He hesitated for an excruciating moment. "In this land there are many strange tales," he said slowly. "I grew up listening to them all. But the strangest has always been the story of the enchanted castle, protected by a forest of thorns that on one could breach."
"Stop," said Constanta. "I don't-"
He cut her off, continuing his story. "Some tried, and died in the attempt. One day, some years ago, when I was a little younger and a good deal more foolish, my caravan camped not far from this fabled castle, and the temptation proved too great for me to resist. Imagine my surprise when I made my way out of the thorns, still alive, and found myself in the courtyard of a castle. The entire place was crumbling and empty except for a few birds, but there was a wealth of treasure for the taking—pots, pans, things that could be sold. I gathered what I could. I was preparing to leave when I saw a tower room at the top of the castle which seemed strangely untouched by time and weather. I was curious. My questions about the place were still unanswered; perhaps this tower held the key. It wasn't difficult to find the right staircase. Imagine my astonishment when I entered the room and found it perfectly intact, like it was frozen in time. Imagine my horror when I discovered the room was still occupied."
"Stop!" Constanta begged again. He ignored her. "There was a young woman on the bed, who seemed to be sleeping—but I could not wake her. I tried. I shouted, I shook her. But it was growing late, and I needed to return to my camp."
He took a breath. "The next day, we moved on, and I thought I would never have the chance to solve the mystery. But a few years later, our path brought us once again to the abandoned castle, and I was given another chance to wake the girl. I failed that time, too. It was another two years before we returned. This time," he stared at her with fathomless dark eyes. "This time I succeeded in waking her."
Constanta shook her head, trying to shake everything he'd just told her out of it. "No, no, no, no," she heard herself saying from a very far distance.
"You don't look well," the man said, from the same far distance. "Maybe you should sit." He put out a hand but she shook it off, walking blindly toward the great hall.
She stopped in the wide double doorway, her eyes offering irrefutable proof of the man's story. The place was destroyed. The beautiful stained glass windows were all shattered, letting in light and the groping arms of wild vines. Rubble littered the floor. A large hole in the roof revealed the darting forms of swallows coming and going. The dais showed evidence of a small campfire, and one of the heavy wooden chairs was all that remained, tipped on its side and looking like nothing so much as a pile of kindling. The room spun for a moment and a hot burning began behind her eyes. Her home was ruined. Her family was dead. She was alone.
A hand on her shoulder snapped her back. "I'm sorry," the man said. "If I'd known it would cause you so much pain, I would have let you sleep."
The thought did not comfort her. "How long have I-" she swallowed. "How long have I been asleep?"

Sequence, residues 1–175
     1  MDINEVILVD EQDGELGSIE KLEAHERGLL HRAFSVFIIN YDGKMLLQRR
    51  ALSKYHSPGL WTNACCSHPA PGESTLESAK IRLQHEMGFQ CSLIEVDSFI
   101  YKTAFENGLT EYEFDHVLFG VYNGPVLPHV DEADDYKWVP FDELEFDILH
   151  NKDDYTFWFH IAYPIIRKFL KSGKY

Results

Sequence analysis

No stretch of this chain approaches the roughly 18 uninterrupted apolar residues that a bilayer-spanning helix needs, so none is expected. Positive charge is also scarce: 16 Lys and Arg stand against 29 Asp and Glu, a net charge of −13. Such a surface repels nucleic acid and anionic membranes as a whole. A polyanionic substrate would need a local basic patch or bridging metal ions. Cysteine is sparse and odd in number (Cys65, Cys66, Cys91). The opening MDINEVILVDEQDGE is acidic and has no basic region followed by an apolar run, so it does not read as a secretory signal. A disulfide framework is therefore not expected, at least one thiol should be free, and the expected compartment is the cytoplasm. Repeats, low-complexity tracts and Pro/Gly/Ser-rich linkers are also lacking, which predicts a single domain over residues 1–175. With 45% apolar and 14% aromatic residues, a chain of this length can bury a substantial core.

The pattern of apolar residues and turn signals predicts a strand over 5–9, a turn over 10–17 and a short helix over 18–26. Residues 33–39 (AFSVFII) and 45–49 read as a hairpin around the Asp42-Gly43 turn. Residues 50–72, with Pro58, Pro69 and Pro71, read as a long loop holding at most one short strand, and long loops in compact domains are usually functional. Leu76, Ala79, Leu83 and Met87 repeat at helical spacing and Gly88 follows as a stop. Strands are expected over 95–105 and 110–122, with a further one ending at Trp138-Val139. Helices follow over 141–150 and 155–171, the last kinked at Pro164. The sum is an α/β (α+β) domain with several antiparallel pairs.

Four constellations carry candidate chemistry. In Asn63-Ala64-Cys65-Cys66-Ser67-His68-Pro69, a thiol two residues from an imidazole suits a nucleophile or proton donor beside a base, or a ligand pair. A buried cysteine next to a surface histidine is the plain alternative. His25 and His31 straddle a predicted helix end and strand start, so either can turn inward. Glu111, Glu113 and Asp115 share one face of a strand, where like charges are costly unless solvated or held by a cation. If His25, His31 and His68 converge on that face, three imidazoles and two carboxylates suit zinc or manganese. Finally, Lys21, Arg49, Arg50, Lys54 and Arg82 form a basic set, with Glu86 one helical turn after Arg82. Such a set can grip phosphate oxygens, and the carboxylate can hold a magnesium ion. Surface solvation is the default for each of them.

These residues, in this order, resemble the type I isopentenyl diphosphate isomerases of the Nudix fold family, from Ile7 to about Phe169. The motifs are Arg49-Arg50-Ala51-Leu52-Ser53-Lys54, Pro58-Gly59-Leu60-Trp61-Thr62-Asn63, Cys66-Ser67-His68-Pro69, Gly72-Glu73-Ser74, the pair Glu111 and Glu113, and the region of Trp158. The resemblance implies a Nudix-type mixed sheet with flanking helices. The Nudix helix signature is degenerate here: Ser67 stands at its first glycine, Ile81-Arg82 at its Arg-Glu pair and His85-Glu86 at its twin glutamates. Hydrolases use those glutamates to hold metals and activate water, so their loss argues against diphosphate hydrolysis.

He did not answer, and she twisted around to look up at him. His shoulders were tensed; he seemed troubled. "I do not know," he said. "I had hoped you would be able to answer my questions. I know nothing of this place."
"What year is it?" she asked, terror in her throat.
He shrugged. "By our reckoning, it is seven years since the death of our king Elbon, forty years since the death of Queen Imara, fifty years since we were driven from the southern mountains, eighty-two years since we have-"
"Stop," said Constanta. "Do you not keep time by the death of the witch-woman Morvaine?"
He shook his head. "I have never heard of your Morvaine."
The hollowness descended on her again. "My family?" she asked. "The Tirisetti?" He shook his head.
"Perhaps you would like some time to yourself," he finally said into the silence. "I will be outside, by the old fountain when you are through here." He waited for her to nod; when she did not he walked off through the ruined hall, picking his way carefully to the door. She watched him go. She should be crying and screaming, but she felt curiously empty, almost weightless, as though she were watching events from very far away. She had been rude to him, despite his bluntness. She should have apologized.
She stared blindly into the great hall for another minute, then turned and began walking down the long rear corridor, needing to see for herself what had happened to the rest of the castle. The corridor wasn't as dark as it should have been. Great gaps and cracks in the walls and ceiling let in light as she stumbled along.
The kitchens stretched away like a cavern, vast and silent. There was nothing in them. No food. Not even the remains of food. It was just a great, echoing space. She hurried through to the other end, where a door let into a kitchen garden. There wasn't a garden anymore. She was greeted by a chest-high tangle of weeds. Above the wild profusion she could just see the back of the stables, the thatched roof entirely gone. But where the land behind the stable should have sloped away to a gentle pasture bordered by the river she could see nothing but a massive, towering hedge of brambles that threatened to block out the late afternoon sun.
With a sharp breath, she turned and fled back into the kitchen.
She spent several hours wandering through the rest of the palace in a daze. Everything had been destroyed by time and weather, and all of the sturdier objects--weapons, china, jewelry-- had vanished. At length Constanta found that she had come full circle back to her tower chambers. Her rubbery legs carried her back up the collapsing staircase, back into her bedroom, which now seemed ridiculous and absurd in its perfection. She sat on the bed. She sat and stared at nothing, and found that she couldn't get up again, didn't want to get up again. So she sat and she stared.
It wasn't until her stomach began hurting that she stood up, intending to ring Dacia up with a tray. But Dacia was gone, and it was too much trouble to sit back down on the bed, the ridiculous bed with its soft, silken coverings. Instead she left the room, closing the door very carefully as though leaving the room of a sick relative, and climbed back down the stairs and through the great hall into the world outside.